“We like to be seen in the marketplace as a fast-response company. If we need to ask for a two-week turnaround on a batch of bespoke radios for a customer, the manufacturer tends to be a lot more responsive if we’re offering 50% payment up front.”
Kervin Maconochie-Labrosse, Director of Communication Specialists

 

3. Talk to them. Doing business via email is impersonal and open to misinterpretation. Hit the phones and, if possible, visit your suppliers to gain their trust.

“The best customers? The ones that are easy to work with – where communications are quick and clear. Conversations with customers are important – it’s something that should be regular. You don’t want the only conversation to be a bargaining session when they submit a big order.”
Punit Chowdhary, Director, Priya (apparel exporters in Delhi)

 

4. Set clear parameters. If you have particular needs, quality thresholds, certifications or packaging, let suppliers know. They’ll welcome the clarity and are likely to feel valued, not put-upon, by reasonable requests that show you care about their materials, products or services.

“One of our French clients is really great – they follow the contracted procedures in a timely manner. And it means we have mutual trust. In the beginning of the relationship, the customer sent a third party to check the quality of the goods. Now, they can accept goods based on photos and assurance by phone and email.”
Sunny Zheng, Yuyao Sun-Rain Sprayer Co. Ltd.

 

5. Stick to the contract. It doesn’t matter how tough or friendly your negotiation was, if you don’t both stick to the terms you agreed, the relationship will falter. Trust comes from certainty.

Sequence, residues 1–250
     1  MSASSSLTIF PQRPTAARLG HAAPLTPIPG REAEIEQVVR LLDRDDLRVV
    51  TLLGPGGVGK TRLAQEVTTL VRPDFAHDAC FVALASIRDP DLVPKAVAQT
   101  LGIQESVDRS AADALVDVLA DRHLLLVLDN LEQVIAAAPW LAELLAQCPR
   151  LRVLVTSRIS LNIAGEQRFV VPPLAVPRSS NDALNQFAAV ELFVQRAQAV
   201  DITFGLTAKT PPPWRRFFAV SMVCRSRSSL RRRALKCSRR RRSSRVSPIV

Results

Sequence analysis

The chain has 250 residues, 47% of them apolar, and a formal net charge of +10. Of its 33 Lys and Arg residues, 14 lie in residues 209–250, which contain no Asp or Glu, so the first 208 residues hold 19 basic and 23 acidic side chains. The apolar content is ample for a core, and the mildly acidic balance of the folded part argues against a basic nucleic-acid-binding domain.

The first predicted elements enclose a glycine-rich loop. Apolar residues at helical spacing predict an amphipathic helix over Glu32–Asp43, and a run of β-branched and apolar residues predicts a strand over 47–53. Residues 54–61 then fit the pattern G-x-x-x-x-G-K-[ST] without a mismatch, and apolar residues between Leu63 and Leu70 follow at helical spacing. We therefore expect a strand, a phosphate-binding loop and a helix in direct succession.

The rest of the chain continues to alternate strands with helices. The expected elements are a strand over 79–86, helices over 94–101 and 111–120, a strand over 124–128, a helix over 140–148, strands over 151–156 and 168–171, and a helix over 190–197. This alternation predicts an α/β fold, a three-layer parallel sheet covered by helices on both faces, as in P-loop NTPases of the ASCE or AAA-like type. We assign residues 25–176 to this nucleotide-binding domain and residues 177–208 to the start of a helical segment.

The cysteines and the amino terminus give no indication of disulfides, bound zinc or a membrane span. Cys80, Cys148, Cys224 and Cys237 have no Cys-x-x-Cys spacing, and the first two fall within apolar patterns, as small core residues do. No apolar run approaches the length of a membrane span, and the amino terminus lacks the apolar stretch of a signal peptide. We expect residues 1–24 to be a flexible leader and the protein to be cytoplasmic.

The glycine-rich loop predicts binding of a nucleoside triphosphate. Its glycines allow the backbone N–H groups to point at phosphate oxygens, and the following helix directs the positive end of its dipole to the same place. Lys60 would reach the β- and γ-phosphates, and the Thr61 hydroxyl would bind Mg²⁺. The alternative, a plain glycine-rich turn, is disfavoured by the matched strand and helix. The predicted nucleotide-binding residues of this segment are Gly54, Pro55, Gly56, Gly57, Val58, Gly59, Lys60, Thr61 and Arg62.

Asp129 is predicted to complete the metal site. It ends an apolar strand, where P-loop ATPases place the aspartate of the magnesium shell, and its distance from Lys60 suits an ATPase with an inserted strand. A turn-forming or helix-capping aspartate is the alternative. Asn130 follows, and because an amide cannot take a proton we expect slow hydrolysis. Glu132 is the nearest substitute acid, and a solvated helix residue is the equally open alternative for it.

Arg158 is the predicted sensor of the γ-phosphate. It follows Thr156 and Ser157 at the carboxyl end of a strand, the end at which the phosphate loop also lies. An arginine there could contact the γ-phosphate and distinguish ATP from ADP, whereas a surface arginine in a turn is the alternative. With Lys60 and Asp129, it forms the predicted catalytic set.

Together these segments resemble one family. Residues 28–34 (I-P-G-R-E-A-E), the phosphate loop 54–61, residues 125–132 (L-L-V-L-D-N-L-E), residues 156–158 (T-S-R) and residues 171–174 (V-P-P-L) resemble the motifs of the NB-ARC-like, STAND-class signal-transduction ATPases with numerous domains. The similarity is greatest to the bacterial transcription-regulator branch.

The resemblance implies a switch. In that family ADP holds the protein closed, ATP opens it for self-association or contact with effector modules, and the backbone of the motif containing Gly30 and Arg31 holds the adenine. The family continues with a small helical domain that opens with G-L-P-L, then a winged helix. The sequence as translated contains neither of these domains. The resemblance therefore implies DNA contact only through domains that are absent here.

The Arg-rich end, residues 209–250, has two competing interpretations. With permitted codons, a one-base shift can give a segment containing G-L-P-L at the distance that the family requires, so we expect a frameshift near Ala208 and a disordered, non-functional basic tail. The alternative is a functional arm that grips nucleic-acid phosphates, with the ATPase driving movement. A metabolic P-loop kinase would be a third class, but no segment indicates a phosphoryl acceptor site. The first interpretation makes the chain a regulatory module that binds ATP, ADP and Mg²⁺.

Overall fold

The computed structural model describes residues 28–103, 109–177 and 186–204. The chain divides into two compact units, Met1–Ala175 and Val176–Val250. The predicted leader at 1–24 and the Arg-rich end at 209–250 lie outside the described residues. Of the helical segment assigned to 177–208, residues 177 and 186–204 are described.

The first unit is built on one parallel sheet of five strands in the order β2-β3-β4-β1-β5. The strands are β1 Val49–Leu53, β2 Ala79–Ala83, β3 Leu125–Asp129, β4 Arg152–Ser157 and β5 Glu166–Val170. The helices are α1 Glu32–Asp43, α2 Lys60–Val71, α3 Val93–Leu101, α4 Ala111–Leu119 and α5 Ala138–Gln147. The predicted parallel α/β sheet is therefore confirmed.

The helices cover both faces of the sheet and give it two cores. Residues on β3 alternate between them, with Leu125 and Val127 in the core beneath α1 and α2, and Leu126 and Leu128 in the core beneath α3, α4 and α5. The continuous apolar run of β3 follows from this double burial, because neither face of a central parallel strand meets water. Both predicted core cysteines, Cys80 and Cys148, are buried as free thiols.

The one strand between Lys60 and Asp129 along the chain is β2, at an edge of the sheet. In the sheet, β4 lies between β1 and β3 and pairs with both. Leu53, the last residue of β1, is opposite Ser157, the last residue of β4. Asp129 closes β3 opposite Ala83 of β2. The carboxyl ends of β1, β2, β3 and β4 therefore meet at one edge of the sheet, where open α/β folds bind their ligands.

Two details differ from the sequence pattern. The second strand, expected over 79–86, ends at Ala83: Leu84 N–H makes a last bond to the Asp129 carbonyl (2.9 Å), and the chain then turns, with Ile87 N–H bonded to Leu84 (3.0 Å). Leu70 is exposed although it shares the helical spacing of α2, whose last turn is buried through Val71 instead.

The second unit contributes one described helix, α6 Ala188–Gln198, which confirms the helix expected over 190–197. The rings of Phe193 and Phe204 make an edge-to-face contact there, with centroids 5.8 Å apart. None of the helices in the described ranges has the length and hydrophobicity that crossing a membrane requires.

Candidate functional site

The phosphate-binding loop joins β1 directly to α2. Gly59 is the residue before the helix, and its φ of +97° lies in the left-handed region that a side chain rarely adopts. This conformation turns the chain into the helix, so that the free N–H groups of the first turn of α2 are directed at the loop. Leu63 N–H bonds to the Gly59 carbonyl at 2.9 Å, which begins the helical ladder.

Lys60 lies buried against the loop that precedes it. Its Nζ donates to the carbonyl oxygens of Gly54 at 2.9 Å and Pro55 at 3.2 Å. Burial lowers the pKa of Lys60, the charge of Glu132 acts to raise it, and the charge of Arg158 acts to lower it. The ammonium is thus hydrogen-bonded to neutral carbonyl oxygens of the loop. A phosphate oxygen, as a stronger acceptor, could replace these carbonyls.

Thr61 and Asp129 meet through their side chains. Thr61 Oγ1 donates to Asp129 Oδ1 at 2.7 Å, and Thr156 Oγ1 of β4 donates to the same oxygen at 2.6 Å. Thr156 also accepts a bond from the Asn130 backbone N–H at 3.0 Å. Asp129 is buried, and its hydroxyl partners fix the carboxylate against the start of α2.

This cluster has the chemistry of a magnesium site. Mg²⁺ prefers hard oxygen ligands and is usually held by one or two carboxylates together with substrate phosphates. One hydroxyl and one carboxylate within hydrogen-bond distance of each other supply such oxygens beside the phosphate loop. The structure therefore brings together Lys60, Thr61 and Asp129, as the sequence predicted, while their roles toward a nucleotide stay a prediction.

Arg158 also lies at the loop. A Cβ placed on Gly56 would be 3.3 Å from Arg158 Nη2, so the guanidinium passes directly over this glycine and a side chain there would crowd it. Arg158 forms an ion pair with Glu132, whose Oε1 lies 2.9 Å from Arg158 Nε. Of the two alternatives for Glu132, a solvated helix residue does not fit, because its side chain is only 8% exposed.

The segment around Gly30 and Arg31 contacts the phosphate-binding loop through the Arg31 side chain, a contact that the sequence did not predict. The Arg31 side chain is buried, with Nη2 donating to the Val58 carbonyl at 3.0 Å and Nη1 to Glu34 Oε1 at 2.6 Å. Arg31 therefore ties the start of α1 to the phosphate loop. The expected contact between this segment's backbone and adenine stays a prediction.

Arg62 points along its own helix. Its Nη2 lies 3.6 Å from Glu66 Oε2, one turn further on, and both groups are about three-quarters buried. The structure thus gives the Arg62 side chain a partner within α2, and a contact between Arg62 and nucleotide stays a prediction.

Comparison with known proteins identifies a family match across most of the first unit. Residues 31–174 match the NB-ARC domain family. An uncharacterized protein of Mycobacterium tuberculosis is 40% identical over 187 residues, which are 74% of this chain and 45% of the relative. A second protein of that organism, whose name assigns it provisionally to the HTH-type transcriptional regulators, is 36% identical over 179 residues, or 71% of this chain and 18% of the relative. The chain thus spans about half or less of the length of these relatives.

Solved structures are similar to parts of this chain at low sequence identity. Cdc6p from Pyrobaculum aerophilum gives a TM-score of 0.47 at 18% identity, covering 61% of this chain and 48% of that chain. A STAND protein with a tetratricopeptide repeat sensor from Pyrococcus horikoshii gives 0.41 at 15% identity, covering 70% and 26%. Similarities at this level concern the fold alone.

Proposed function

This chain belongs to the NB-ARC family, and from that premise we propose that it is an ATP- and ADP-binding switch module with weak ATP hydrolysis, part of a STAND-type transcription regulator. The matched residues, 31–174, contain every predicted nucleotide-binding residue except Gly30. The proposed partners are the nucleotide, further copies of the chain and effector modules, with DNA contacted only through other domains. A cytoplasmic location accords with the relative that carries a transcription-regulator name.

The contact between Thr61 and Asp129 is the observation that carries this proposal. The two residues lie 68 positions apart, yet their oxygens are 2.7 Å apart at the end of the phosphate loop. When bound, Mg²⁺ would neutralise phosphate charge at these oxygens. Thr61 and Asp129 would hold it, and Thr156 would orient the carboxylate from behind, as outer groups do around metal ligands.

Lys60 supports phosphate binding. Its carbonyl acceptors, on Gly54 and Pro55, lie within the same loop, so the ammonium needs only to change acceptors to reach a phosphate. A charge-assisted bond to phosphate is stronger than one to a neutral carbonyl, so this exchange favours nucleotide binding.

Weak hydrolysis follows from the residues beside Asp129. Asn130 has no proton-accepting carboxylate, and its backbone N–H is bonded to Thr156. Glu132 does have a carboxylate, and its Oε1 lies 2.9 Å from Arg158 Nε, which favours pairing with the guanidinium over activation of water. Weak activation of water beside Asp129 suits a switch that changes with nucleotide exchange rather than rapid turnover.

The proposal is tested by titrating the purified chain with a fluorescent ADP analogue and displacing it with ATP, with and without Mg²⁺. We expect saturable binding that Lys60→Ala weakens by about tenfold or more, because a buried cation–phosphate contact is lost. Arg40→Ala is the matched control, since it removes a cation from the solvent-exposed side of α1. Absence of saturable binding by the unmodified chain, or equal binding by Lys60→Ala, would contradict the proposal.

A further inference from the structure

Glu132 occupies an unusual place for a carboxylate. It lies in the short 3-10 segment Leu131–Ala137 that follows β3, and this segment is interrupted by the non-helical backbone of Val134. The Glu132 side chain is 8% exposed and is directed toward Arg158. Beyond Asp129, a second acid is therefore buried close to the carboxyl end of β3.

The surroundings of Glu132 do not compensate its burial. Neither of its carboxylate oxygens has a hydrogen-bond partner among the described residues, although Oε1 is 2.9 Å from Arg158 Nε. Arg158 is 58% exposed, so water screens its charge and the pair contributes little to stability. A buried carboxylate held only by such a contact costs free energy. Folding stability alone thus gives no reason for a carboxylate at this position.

“All too often, customers on 30 day credit will stretch their payment out – to 75 or even 90 days. That means we have to limit our business with them, and we’re always ready to set hard limits on credit.”
Punit Chowdhary, Director, Delhi-based Priya textiles

 

6. Address problems quickly and reasonably. When problems arise – caused by either side, or without fault – work through amicable settlements. Customer service is a two-way street.

“This is about understanding the pressures on suppliers better – and taking a more strategic and mutually beneficial approach to the supply chain.”
Ebury

 

7. Forecast better. Most suppliers, says the research, don’t trust customer forecasts. Be the exception. Establish a reputation for good forecasting and suppliers are more likely meet your needs when you then have a big order for them.

“For those suppliers, knowing that a customer can take the stock that they forecast they’d take is a huge plus.”
Anthony Hogarth, Director, Creative Distribution

 

8. Help them build their business. If your supplier wants to offer new products or services, grow into new markets or change their set-up, how can you help? Willingness to adopt new systems or advise on markets is a big plus.

“The information flows both ways. We keep our ear to the ground for new product opportunities and when you’re a reliable and co-operative customer, factories are keen to keep you in the loop.”
Brendon Bester, Operations Manager, The Import House